Ruby turning to brick. Still medium intensity. Huge jump from 1998 on the nose. Big, smoky cloud with lots of raw meat character. Very fat and enveloping, like a great big fat flapping lady's embrace. Not especially intense nose. Almost evanescent. Lots of raw meat and some violets. Quite marked acidity. Still very, very fine tannins on the finish. Exotic. The smell of an old leather handbag/purse. Very, very long. Bouquet kept opening out in the glass. Edge of burnt sugar. Much more delicate than you might think. Drink 2004-2020 20/20 points, jancisrobinson.com.
From barrel, this remains one of the greatest wines I have ever tasted... The colour reveals some amber at the edge. A sweet nose of caramel, roasted herbs, cherry jam, cedar and smoke is followed by a thick, full-bodied, unctuously-textured, low acid Petrus... Although abundant tannin remains, the wine is sweet, smoky, and ideal for drinking now and over the next 20-25 years. A bottle drunk in France in March, 2000, was equally sublime. Drink 2000-2025. 98 points, The Wine Advocate.
Pomerol, on the Right Bank of Bordeaux’s Gironde River, produces some of the world’s most sought-after wines, including those from such storied properties as Chateau Petrus. Yet Pomerol, the smallest of the fine-wine-producing districts of Bordeaux, offers no Grand Cru or Premier Cru wines: It’s the most significant Bordeaux appellation not included in any quality ranking. At the time of the historic 1855 Classification of Bordeaux, Right Bank chateaux were considered remote and difficult to travel to, and so were ignored by the merchants who created the classification. (St. Émilion, a notable neighbour on the Right Bank, created its own classification system in 1954.)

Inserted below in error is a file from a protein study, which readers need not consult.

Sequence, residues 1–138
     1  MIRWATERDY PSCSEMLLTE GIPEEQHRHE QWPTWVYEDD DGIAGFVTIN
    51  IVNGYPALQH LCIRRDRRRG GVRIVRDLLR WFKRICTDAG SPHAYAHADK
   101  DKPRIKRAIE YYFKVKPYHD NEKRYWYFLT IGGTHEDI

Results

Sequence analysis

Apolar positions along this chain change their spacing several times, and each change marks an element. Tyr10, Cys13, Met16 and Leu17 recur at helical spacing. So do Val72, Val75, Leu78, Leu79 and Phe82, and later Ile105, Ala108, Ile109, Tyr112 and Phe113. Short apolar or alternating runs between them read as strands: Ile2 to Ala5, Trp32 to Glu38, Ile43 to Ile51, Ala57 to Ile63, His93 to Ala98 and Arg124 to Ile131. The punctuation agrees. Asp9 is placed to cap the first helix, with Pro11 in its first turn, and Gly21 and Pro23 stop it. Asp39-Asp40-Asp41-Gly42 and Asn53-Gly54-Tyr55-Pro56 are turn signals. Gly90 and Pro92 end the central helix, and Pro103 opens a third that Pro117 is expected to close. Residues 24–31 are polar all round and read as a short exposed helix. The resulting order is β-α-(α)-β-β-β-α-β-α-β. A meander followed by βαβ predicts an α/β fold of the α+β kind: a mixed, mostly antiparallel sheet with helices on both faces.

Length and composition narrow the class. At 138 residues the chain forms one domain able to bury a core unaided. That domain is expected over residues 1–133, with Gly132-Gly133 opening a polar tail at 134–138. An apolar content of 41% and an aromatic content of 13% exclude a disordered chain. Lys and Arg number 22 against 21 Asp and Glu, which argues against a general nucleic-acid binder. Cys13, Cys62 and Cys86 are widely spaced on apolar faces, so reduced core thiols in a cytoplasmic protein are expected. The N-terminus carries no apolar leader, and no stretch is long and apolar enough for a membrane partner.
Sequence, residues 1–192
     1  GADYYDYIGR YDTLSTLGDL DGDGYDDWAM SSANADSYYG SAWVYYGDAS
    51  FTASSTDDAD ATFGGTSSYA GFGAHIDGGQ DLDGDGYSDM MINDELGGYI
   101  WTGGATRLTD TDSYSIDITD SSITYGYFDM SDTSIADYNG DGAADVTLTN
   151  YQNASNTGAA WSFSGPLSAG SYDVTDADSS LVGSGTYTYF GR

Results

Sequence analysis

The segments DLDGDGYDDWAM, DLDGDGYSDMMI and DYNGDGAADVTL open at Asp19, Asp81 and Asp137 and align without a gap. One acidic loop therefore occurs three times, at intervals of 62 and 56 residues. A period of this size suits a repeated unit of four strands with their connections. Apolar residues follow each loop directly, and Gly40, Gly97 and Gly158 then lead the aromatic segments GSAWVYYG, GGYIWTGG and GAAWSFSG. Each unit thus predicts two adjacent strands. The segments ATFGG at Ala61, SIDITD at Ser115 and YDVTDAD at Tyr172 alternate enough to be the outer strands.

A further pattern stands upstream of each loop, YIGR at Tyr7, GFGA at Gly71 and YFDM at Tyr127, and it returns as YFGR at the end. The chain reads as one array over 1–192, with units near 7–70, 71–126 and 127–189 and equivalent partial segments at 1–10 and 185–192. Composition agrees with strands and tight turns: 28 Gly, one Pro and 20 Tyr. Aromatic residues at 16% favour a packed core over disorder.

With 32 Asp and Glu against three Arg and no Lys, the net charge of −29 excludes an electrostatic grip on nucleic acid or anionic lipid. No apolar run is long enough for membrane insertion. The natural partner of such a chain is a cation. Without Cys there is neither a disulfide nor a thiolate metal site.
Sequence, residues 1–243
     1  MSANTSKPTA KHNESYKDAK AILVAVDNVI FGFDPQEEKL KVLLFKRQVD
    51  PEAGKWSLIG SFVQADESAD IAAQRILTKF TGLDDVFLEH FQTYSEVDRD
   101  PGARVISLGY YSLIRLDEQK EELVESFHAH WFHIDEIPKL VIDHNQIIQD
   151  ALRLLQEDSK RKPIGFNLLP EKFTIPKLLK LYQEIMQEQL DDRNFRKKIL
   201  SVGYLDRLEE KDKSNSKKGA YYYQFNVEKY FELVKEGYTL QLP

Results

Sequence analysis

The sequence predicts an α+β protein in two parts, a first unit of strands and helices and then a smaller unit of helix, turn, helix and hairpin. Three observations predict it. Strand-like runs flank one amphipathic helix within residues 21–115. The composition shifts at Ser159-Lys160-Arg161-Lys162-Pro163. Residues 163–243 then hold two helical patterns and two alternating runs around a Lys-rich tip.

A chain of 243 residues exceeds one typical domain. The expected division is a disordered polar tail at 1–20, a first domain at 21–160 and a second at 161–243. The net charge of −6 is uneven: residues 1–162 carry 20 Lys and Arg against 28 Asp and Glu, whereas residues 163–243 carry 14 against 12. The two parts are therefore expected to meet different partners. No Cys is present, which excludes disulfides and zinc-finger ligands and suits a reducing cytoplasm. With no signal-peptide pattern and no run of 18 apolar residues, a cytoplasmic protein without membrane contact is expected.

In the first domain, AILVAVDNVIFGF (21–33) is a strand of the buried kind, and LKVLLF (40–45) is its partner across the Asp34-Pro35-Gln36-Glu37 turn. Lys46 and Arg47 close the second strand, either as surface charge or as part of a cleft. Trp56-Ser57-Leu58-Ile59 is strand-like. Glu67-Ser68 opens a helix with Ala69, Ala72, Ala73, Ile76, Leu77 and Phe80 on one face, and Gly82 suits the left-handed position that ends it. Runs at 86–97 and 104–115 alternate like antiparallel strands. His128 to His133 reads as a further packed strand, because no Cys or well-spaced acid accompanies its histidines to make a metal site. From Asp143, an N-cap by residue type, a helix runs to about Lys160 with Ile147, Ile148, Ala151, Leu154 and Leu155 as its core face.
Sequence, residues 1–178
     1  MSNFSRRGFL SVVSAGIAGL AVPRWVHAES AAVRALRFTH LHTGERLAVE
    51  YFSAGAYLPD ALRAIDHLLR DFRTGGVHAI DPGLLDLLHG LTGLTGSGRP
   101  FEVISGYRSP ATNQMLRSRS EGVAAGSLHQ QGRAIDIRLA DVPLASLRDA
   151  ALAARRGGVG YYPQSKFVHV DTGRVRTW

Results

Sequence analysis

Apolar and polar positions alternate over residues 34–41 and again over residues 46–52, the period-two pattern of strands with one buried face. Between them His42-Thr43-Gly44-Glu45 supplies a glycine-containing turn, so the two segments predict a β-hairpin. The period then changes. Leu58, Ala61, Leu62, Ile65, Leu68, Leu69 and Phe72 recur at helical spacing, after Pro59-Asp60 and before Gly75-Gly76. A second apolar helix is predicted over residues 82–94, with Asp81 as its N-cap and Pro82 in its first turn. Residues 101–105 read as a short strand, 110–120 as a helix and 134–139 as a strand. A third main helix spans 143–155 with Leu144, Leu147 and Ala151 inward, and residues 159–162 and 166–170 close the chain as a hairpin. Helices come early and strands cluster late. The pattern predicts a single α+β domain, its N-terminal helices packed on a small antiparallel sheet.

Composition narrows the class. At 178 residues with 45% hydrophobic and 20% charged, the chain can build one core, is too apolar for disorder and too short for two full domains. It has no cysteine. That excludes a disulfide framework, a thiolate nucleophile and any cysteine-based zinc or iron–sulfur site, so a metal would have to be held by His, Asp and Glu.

Pomerol has managed to do quite well without this form of validation. Pomerol’s predominantly clay soil is ideally suited for Merlot, the primary grape used in the appellation. Cabernet Franc and Cabernet Sauvignon are also included in Pomerol’s blended red wines. The wines of Pomerol are lush and rich, and generally not as tannic as the Cabernet-based wines of Bordeaux’s Left Bank. Although Pomerol’s very best wines are capable of aging for decades, most are made for immediate consumption. These Merlot-based wines are known for their lush texture, elegance and grace, as well as the softer tannins they offer in comparison to the Cabernet Sauvignon-based wines made elsewhere in Bordeaux.